Tips for Buying a Car
Eileen St. Pierre, The Everyday Financial Planner
If you are expecting a pause in the number of car commercials on television now that the holiday season is over, think again. Tax filing season began on January 20, which means tax refund checks will soon start arriving. Dealerships will be tripping over each other to try to get you to come in and use that refund as a down payment on a car or truck. Here are some tips to help you get the best deal:
You can receive a free copy of your credit report every 12 months from each of the three credit reporting agencies at www.annualcreditreport.com. See my Correcting Errors on Your Credit Report column if you spot something that should not be on there.
You should also know your credit score. It will determine the interest rate you pay on a loan. Taking steps to improve your credit score can pay off financially in the form of lower interest costs.
- See my Improving Your Credit Score column for tips.
- Websites like CreditKarma and Credit.com offer free credit scores. They promise that you do not need to provide a credit card number, but you still need to provide other personal information.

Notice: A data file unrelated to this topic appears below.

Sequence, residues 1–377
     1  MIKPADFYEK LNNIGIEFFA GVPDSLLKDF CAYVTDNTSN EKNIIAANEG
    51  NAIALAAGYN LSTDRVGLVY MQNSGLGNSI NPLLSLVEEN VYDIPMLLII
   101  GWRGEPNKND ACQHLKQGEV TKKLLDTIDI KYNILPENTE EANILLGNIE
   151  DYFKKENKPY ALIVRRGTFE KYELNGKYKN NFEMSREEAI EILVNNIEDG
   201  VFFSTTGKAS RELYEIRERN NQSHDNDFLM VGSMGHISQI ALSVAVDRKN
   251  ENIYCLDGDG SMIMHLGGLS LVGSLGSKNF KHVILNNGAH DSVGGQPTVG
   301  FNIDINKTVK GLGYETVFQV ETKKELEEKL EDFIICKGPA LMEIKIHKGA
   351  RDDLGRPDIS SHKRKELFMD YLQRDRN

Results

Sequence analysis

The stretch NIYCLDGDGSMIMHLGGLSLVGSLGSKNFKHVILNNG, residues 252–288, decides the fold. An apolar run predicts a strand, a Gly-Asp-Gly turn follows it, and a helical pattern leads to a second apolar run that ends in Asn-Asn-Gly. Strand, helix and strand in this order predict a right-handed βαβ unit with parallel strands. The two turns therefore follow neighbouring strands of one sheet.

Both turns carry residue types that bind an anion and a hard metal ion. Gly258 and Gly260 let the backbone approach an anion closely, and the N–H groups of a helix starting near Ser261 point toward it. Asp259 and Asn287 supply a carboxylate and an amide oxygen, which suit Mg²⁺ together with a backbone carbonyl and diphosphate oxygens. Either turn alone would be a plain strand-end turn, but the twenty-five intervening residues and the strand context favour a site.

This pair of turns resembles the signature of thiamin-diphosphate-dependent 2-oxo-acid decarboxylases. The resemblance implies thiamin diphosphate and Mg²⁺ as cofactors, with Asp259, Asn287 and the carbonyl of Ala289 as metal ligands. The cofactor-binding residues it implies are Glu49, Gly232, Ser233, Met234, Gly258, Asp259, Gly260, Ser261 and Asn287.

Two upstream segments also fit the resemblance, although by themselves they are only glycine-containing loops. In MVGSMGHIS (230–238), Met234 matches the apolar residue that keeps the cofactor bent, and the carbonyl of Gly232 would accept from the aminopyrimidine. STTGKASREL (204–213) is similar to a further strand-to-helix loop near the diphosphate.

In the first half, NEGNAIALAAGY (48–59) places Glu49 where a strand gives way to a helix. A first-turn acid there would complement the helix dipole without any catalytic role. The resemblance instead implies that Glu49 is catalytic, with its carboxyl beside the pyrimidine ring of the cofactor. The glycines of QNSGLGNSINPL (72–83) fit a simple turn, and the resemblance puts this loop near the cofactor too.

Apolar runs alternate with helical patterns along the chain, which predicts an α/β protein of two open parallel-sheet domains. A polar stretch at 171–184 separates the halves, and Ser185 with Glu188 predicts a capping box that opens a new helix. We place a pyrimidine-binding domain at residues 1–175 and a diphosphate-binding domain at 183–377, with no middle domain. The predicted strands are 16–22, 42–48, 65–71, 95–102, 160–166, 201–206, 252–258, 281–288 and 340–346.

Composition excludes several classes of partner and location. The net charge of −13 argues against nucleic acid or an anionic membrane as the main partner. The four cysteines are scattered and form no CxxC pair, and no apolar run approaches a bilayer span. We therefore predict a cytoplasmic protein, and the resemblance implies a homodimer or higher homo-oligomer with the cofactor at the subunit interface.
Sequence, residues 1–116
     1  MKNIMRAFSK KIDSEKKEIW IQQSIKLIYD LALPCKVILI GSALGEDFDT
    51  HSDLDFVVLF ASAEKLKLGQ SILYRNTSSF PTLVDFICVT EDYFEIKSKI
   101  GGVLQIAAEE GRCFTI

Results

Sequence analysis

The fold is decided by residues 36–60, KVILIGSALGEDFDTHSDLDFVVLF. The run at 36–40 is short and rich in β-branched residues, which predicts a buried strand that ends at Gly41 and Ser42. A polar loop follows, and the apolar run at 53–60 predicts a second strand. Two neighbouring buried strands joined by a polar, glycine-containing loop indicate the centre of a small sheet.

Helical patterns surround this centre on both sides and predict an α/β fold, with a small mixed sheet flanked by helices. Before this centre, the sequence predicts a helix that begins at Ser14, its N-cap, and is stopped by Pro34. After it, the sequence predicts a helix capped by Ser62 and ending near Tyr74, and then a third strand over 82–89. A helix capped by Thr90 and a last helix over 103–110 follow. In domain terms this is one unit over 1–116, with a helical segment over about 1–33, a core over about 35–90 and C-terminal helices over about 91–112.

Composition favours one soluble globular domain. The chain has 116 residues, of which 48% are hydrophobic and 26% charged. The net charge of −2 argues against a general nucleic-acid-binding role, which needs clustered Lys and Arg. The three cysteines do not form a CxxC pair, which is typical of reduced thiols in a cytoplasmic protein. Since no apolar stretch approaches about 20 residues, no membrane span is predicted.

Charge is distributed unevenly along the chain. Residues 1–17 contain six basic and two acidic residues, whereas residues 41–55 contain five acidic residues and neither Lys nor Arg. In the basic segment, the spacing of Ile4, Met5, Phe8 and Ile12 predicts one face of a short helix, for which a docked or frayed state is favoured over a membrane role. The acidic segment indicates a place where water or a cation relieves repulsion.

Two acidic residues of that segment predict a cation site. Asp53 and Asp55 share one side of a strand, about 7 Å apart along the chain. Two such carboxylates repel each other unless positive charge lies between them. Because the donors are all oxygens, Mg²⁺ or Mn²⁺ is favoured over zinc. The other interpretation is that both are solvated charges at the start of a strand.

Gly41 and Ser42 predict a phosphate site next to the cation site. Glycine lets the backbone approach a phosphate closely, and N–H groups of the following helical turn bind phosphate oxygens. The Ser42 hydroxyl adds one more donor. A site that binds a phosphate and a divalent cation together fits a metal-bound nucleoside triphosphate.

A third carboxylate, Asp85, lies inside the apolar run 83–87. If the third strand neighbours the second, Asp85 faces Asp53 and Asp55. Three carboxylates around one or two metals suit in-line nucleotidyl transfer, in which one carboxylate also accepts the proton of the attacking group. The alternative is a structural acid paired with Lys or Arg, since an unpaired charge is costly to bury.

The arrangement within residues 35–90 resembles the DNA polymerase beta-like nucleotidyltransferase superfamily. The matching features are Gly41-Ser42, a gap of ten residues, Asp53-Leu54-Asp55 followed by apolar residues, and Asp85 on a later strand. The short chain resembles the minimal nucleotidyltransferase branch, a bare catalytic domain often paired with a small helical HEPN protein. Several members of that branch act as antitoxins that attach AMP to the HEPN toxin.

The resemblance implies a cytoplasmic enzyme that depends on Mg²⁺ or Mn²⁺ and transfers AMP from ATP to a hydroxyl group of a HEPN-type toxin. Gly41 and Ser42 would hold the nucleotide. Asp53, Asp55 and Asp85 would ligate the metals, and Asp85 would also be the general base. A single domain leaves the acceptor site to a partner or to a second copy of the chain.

Get pre-approved for a loan to see what you can afford and improve your negotiating position.
Don’t buy more car than you need! When we finally replaced our 1994 Chevy Blazer this past year, we thought about getting a Cadillac but settled on a new Chevy Cruze LT instead. It cost half as much, uses much less gas, and has leather seats along with other upgrades (I just love my remote keyless entry and start).
Remember, the more money you put down, the lower your payments. Don’t get lured into lengthening your loan term too much – yes, it will lower your payments but you will also end up paying way more in interest for the loan.
Research available options in your price range and don’t be afraid to consider a used car.
Compare operating expenses such as gas and routine repairs. Can you use regular unleaded gas or do you have to put in premium? Even though gas prices are really low right now, don’t expect them to stay that way. Gas mileage is still something you need to consider. Some vehicle brands are known for having certain types of maintenance issues.
- Research current incentives and discounts on new vehicles. For some brands, the cost of new car may end up being only slightly more than the pre-owned version (especially at the end of the model year).
- Buying too old of a car may not be practical if it costs too much to fix it, unless you’re married to a gear head like me – did I mention that we finally replaced my 1994 Blazer last year?
- Compare warranties. Many pre-owned cars will still have warranties left.
- Don’t forget to factor in the cost of insurance. You have more control over your insurance costs if you pay cash for your vehicle.